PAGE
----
Porting old TRX Transforms to the latest version

Modified on: Wed, 27 Sep, 2023 at 7:42 PM

The Python TRX library was originally released in 2015 (v1.1). Many users may have written their TDS Transforms, and would like to port them to the latest version of the TRX library.

This article will cover porting existing Transforms to the latest version of our Maltego TRX library.

Note: The code mentioned in this document is contained in our Maltego TRX Examples project. Please reference this project if you are unsure about anything mentioned in this article.

Create a project folder

Your Transform code will need to be placed in a project folder that follows our recommended project structure.

First install the maltego-trx library by running the following commands:

pip install maltego-trx

After the maltego-trx library has been installed, you can use the following command to create a new project folder with the recommended layout:

maltego-trx start new_project

This will create a directory named "new_project" which contains the "project.py" file used to run your Transforms, and the "Transforms" directory that contains your Transform code.

Add the old Transform

Will will be working with the following Transform, written using the first version of the library:


import socket
from Maltego import *

## This is a fully functional example transform
## Input type is a DNSName. It will resolve to IP address
def trx_DNS2IP(m):
    TRX = MaltegoTransform()
        DNSName = socket.gethostbyname(m.Value)
    except socket.error as msg:
    #Write the slider value as a UI message - just for fun
    TRX.addUIMessage("Slider value is at: "+str(m.Slider))
    return TRX.returnOutput()    

1. Change the import

You no longer need to include a "Maltego.py" file alongside your Transform code, as the library code can be imported directly from the pip library.

We will change the import line from:

from Maltego import *


from maltego_trx.maltego import MaltegoMsg, MaltegoTransform, UIM_PARTIAL

It is considered bad practice to "import *" from  a module, and we will instead choose which classes we need to import. In most cases you will not need the "MaltegoEntity" import.

2. Register the Transform function

The latest version of the Transform library automatically generates appropriate URLs for your Transforms.

We just need to register the function as a Transform in our "project.py" file.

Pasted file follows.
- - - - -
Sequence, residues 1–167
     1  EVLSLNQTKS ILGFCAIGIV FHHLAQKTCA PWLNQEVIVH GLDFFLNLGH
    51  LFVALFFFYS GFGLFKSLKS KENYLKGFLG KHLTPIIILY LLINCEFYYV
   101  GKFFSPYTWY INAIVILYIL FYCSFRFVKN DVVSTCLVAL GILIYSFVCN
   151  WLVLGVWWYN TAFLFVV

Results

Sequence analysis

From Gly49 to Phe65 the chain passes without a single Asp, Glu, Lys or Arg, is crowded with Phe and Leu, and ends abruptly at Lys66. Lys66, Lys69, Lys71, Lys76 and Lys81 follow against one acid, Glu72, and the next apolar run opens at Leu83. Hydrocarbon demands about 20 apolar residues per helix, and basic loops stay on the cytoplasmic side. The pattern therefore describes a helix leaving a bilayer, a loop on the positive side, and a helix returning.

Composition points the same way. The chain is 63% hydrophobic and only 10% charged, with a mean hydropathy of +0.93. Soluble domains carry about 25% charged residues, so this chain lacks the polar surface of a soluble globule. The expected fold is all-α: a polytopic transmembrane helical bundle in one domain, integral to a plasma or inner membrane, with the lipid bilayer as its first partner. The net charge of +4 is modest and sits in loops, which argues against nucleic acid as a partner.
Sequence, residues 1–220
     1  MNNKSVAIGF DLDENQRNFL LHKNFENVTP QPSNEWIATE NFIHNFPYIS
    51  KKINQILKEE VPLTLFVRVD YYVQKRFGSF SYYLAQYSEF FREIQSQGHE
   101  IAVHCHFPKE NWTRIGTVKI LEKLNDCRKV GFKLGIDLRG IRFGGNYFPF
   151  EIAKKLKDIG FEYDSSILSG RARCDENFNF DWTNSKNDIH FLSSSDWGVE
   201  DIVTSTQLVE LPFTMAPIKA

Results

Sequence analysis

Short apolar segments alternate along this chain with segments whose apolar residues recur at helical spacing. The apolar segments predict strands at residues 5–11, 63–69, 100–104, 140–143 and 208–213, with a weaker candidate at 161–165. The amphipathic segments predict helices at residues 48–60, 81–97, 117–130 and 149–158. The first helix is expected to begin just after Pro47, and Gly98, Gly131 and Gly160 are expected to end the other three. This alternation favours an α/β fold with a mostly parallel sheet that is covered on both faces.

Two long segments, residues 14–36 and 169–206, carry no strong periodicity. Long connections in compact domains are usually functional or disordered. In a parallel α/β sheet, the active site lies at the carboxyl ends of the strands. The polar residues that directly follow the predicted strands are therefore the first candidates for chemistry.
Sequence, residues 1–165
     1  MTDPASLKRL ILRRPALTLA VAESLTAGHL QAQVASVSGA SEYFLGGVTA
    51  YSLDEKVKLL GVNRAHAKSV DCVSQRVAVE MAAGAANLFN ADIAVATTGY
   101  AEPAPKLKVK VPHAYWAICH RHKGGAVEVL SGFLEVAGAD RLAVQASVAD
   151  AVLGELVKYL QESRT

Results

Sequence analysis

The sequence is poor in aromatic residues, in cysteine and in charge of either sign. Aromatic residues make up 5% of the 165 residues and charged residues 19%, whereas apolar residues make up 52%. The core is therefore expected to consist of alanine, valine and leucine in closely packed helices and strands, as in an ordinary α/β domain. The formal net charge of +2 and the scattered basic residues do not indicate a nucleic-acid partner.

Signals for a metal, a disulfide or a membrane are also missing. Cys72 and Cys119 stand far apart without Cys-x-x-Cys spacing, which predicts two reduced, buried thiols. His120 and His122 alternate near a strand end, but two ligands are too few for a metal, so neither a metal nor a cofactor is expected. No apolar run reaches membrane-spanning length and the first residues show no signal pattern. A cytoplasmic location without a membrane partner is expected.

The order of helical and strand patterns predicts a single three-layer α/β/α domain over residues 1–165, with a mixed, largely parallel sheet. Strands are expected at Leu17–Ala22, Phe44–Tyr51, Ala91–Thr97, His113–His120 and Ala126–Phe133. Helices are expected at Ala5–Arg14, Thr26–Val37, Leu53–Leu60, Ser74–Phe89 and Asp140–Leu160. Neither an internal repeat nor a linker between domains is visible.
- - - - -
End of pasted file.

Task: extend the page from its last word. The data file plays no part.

We will add the following lines to the "project.py" file in our project folder:

from maltego_trx.registry import register_transform_function
from legacy_transform import trx_DNS2IP


The URL generated by the server will be based on the function name. Please ensure that you use unique Transform names in your projects.

3. Change variable names (optional)

The new library and it's documentation uses the variable names "request" and "response" rather than "m" and "TRX".

We believe that the new variable names are easier to understand as the "request" object contains information sent from the client, and the "response" object contains information returned to the client.

I will make the following option variable name changes from:

def trx_DNS2IP(m):
    TRX = MaltegoTransform()


def trx_DNS2IP(request):
    response = MaltegoTransform()

Checking the Transform

We can check that the Transform has been successfully ported and added to our project using the following command:

python project list

We should then get the following output:

= Transform Server URLs =
/run/trx-dns2ip/: trx_DNS2IP
/run/dnstoip/: DNSToIP
/run/greetperson/: GreetPerson

= Local Transform Names =
trx-dns2ip: trx_DNS2IP
dnstoip: DNSToIP
greetperson: GreetPerson

From the output we can see that our Transform "trx_DNS2IP" has been added to our Transform project successfully.

Writing New Transforms

The new library encourages you to write each Transform as a class in the "Transforms" folder.

If you are writing a new Transform, we would recommend that you follow this pattern. 

For more information on writing your Transforms as classes, please refer to these articles:

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